Young people in Newcastle have been benefiting from an innovative programme which “fills the gap” created by school holidays.
Recent evidence has found that many families on lower incomes struggle to afford to keep their children occupied, and – even in some cases – properly fed in the absence of a free school meal.
Over Easter, community centres in Blakelaw and Simonside were full of children and young people taking part in free activities. They were also provided with healthy meals.
Danielle Lawrence from Blakelaw took her daughters Brooke and Brogan every day. “It’s normally so expensive to get them out of the house,” she said. “But this has been brilliant.”The activities were organised – with funding from the Big Lottery Fund – by the Blakelaw Ward Community Partnership, working alongside Active Newcastle and the charity, StreetGames. It had identified a growing problem throughout the country of the “triple inequalities of holiday hunger, isolation and inactivity” and developed a programme called Fit and Fed in response.
Every day more than 100 young people – from toddlers to teenagers – took part in sporting activities, dance, crafts and even a community clean up. As well as eating it, they also learned about the benefits of healthy food.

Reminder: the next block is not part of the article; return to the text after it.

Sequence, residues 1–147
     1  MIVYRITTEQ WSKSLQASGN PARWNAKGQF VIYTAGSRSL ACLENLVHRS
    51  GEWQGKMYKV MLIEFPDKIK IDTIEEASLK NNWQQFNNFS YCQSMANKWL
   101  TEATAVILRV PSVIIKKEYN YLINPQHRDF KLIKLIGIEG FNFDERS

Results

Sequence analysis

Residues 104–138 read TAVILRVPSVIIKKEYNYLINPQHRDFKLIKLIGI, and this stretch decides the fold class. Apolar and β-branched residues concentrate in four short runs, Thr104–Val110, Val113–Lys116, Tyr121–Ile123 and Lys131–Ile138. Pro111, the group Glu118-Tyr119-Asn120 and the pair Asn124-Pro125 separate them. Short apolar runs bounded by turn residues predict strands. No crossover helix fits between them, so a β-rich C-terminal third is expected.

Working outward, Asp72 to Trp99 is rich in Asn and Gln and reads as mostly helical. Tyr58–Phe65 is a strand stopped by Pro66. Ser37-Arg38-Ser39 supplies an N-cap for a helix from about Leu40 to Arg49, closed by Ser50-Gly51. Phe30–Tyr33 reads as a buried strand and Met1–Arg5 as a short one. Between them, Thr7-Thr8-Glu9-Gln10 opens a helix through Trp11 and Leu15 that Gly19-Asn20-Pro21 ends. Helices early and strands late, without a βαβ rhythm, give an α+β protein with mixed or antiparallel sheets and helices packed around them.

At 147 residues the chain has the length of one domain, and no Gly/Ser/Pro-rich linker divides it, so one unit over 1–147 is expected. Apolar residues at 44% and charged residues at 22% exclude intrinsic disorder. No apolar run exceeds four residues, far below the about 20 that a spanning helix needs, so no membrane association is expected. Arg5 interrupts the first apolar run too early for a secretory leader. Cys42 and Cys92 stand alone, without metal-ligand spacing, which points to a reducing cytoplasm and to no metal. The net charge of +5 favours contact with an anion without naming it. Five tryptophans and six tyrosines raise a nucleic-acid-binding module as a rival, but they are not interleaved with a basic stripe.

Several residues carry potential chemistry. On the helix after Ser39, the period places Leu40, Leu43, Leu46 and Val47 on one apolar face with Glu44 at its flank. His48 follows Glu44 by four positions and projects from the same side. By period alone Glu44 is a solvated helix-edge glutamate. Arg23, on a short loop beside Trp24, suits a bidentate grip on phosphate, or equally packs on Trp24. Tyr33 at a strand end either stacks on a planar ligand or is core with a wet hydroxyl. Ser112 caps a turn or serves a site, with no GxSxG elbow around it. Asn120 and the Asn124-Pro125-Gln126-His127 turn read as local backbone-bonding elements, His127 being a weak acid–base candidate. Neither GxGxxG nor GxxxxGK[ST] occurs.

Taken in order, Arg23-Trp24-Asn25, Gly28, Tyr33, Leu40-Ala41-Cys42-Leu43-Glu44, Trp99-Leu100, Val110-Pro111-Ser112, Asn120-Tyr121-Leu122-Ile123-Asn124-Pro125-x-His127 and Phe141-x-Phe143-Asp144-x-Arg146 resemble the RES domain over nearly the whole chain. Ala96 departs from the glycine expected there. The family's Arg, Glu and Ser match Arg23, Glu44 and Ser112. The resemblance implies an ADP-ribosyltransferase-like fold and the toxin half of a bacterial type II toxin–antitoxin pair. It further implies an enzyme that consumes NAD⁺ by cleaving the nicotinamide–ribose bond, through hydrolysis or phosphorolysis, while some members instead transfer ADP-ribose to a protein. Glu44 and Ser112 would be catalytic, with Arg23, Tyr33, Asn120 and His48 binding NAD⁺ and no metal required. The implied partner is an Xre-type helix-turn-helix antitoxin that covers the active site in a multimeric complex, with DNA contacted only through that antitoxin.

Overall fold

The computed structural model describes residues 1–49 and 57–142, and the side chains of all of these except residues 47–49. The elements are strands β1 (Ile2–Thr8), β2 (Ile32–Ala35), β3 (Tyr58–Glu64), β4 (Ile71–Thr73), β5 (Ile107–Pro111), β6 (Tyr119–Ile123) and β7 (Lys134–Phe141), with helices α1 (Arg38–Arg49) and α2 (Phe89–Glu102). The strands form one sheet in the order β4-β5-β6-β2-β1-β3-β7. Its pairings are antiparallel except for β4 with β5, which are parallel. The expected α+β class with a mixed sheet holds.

“We all joke about having to put up with the kids during the school holidays, but for many families it’s no laughing matter,” said Leanne Risk, the Children and Young Person’s Lead Practitioner at the Blakelaw Ward Community Partnership. The grant from the Big Lottery Fund means similar programmes can be run during the summer holidays.
Leanne added: “It’s expensive for all families during the school holidays and not everybody can afford things like holiday clubs and sports clubs. We’re dealing with places where people don’t have access to those sort of things or the income to pay for them – and that’s the gap we’re all looking to fill.”
Duncan O’Farrell, Sports and Development Officer with Active Newcastle – part of Newcastle City Council – said: ““People like Leanne and her team are doing a fantastic job and it’s our role at Active Newcastle to help support their great work. We’ve done bits and pieces with the Blakelaw Centre for a number of years, and it’s onderful to see so many young people accessing this local community project.”
Blakelaw Centre, now run by the Partnership, is used by 3,500 local people of all ages every week. It has created 26 jobs and three apprenticeships and – just over a year ago – opened the UK’s first community post office.